1 (right). 2. It can be seen that the product layer appears more discontinuous in the case of the carbonate solution. In these measurements. MCT detector. thus allowing a direct measure of the reacted fraction.0 (Roine. J. For the transmittance measurements. the samples were mixed with KBr powder in very low concentrations (1 wt. CsI beam splitter). The IR measurements occurred under vacuum. Therefore. 1952). Analytical techniques The samples prepared by the aforementioned procedures (prior to and after leaching) were characterized by wet chemical analysis. 1c (left). 72 (2003) 373–386 375 previously thermally equilibrated to the desired temperature and saturated for at least 1 h with the gas mixture. 2. version 4. and sharp edges. e. The Correspondence Principle of Criss and Cobble (1964) was used by the HSC program to estimate heat capacities at 100 jC. The oxidation of pyrite was followed by two different analytical techniques. 3. left). when necessary. The first consisted of washing the solid residues with a hot solution of 3 M HCl in order to remove oxides produced during the reaction. The mixture was pressed under vacuum into disks of 13-mm diameter. but maintains the coarse granulation identified at the beginning of the reaction (Fig. smooth surfaces. A Perkin Elmer infrared spectrometer model Spectrum 1000 was used for the transmission analysis (under the following conditions: 64 scans of accumulation. adjusted with the addition of drops of 1 M sodium hydroxide solution. and optical microscopy (Wild Heerbrugg optical microscope). a pure KBr disk was used for the reference spectrum. 1974) and the HSC Chemistry software data base. the corresponding micrographs for the sodium hydroxide system are also provided in Fig. using a gold mirror as a reference spectrum. at an applied pressure of 750 MPa. This became quite evident from optical microscope observations (not shown here). 1999). and weighed. 1 (left) show the morphology of pyrite particles after oxidation in sodium carbonate solution. 1a. Diffuse reflectance analyses were undertaken with a BOMEM DA8 FTIR spectrometer (under the following conditions: 64 scans of accumulation. unreacted pyrite was then filtered. Caldeira et al. under the experimental conditions used in the present study. 2 cmÀ 1 resolution. The potential (Eh) is based on the standard hydrogen electrode and has the units of volts. 1b (left). The red color that characterizes the oxide product contrasted with the metallic luster of clean spots of pyrite surface. X-ray diffraction (Philips model PW1710). operating at 25 kV and with a Noran energy-dispersive spectrometer (ZAF corrections)). / Int. 2 cmÀ 1 resolution.8-Am membrane filter. dried with acetone. pH diagrams for the Fe – S – CO3 – H2O system at 25 and 100 jC were constructed with thermodynamic data taken from the literature (Naumov et al. The pH was checked periodically and. this procedure was adopted only for experiments of relatively long duration. in the spectral range of 400– 4000 cmÀ 1. Results and discussion 3. Morphology analysis The SEM micrographs presented in Fig. which characterize the unreacted particles. At the end of a test..C. The second technique consisted in analyzing the soluble sulfur species produced during the oxidation of pyrite by precipitation with barium chloride (Kolthoff and Sandell.1.. Thermodynamic analysis Potential (Eh) vs. The thickness of the oxide layer and details of the oxide – pyrite contact are better illustrated in Fig. Process.L. metallic luster. For purposes of comparison. Globar source). scanning electron microscopy (SEM) (JSM 35C. the solid residues were separated from the solution with a 0. KBr beam splitter.% sample). The overall appearance contrasts with the typical features.2. The technique is not recommended for samples containing less than 5 mg of sulfate.3. Morphologies of particles reacted for longer times (24 h) in carbonate solution are presented in Fig. Miner. which corresponds to a pyrite conversion of 10%. DTGS detector.g. The method was modified to include the oxidation of all soluble sulfur species to sulfate with bromine water or hydrogen peroxide. in the spectral range of 600– 4000 cmÀ 1. A gap between the external oxide layer and the internal pyrite phase may have been formed during drying . The product layer grows with time. The insoluble.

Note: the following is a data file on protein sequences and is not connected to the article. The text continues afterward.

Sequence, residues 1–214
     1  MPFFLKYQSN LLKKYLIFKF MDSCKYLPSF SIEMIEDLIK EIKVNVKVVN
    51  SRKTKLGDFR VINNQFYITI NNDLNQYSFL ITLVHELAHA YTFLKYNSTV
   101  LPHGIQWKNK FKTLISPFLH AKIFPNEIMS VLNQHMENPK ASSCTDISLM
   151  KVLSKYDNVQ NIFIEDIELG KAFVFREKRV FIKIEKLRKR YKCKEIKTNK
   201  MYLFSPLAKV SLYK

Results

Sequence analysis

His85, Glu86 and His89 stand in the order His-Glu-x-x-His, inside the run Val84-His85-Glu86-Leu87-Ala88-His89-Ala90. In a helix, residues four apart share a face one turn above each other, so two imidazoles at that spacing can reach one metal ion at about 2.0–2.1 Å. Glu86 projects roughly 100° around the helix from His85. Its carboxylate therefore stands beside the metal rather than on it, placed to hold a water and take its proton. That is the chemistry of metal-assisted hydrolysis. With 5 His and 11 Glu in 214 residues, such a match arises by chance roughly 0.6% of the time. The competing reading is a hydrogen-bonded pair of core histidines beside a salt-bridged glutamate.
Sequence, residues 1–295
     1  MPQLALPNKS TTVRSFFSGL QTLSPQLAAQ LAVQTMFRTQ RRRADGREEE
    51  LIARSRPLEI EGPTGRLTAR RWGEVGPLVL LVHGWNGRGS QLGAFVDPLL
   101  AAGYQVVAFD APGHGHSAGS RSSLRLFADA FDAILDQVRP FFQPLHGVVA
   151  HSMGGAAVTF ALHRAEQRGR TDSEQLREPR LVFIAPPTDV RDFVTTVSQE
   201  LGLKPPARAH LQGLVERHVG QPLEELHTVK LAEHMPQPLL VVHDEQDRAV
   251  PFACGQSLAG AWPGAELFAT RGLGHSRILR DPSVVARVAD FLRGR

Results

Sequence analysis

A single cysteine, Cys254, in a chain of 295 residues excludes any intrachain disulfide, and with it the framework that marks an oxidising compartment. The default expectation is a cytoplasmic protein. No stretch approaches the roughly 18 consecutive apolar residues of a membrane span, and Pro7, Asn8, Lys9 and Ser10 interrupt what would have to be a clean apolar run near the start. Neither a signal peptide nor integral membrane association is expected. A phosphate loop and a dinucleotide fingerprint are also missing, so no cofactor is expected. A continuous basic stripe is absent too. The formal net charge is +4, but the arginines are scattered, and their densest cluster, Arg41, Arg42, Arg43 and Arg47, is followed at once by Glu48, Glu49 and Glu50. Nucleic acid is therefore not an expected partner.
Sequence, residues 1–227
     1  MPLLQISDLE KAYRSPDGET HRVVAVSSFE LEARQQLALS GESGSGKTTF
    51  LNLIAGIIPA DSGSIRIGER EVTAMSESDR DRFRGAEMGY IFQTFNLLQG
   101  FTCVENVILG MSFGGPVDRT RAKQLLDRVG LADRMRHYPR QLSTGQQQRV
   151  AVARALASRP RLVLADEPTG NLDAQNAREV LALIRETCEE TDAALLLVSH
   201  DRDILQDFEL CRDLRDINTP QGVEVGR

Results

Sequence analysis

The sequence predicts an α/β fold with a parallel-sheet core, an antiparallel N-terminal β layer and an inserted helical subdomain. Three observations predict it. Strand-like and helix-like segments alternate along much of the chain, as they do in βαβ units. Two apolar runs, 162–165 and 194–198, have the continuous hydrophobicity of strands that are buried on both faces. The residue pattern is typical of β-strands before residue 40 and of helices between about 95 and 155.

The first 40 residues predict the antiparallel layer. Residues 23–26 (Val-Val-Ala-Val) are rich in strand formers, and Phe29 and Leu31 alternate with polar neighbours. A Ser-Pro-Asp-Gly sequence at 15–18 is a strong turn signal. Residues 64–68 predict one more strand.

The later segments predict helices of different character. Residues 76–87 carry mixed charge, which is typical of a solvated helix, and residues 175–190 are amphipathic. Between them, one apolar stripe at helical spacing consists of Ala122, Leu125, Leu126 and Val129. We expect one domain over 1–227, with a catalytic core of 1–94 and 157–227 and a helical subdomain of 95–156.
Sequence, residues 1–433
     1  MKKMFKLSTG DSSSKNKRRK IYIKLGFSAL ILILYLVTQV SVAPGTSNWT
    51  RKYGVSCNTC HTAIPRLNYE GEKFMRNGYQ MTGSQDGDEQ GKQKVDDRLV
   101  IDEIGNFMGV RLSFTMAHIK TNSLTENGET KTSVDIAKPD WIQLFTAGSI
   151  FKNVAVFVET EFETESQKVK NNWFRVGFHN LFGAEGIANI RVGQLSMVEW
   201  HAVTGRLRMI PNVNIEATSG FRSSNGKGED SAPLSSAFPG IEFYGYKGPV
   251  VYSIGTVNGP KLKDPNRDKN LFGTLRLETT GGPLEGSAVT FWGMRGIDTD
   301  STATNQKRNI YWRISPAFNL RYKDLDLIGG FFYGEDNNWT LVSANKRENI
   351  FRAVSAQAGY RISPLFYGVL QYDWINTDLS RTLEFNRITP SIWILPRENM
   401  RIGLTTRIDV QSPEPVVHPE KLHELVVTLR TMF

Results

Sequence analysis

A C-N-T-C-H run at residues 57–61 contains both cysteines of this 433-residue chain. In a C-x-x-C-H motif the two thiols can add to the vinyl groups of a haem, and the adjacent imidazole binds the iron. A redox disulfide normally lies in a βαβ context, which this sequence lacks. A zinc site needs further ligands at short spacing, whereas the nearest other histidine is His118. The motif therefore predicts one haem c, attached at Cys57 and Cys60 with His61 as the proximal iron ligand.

Rela- . Scanning electron microscope micrographs of reacted pyrite at 80 jC in 0. The nature of the contact between the unreacted core and the product layer is highlighted in Fig. Caldeira et al.4 mmol/l NaOH (right). Compared to the carbonate system (Fig.4.376 C. 1a (right) one can observe that with longer treatment time. and metallization required for SEM sample preparation.1 mol/l Na2CO3 and NaHCO3 (left) and in 0. Conditions: (a) pH 10 and t = 60 min. 1b (right) shows a particle with a partially detached product layer.L. like an extension of the internal phase. the product layer becomes highly fragmented. Fig. 1b (right). t = 24 h. the product layer appears denser. 1. J. Morphologies of pyrite particles obtained after 24 h of oxidation in NaOH solution are presented in Fig. left). S and Si have been indicated in the oxide layer by semi-quantitative microprobe analysis. Miner. / Int. Comparing this latter result with Fig. Process. (b) and (c) pH 11. 72 (2003) 373–386 Fig. 1. 1c (right).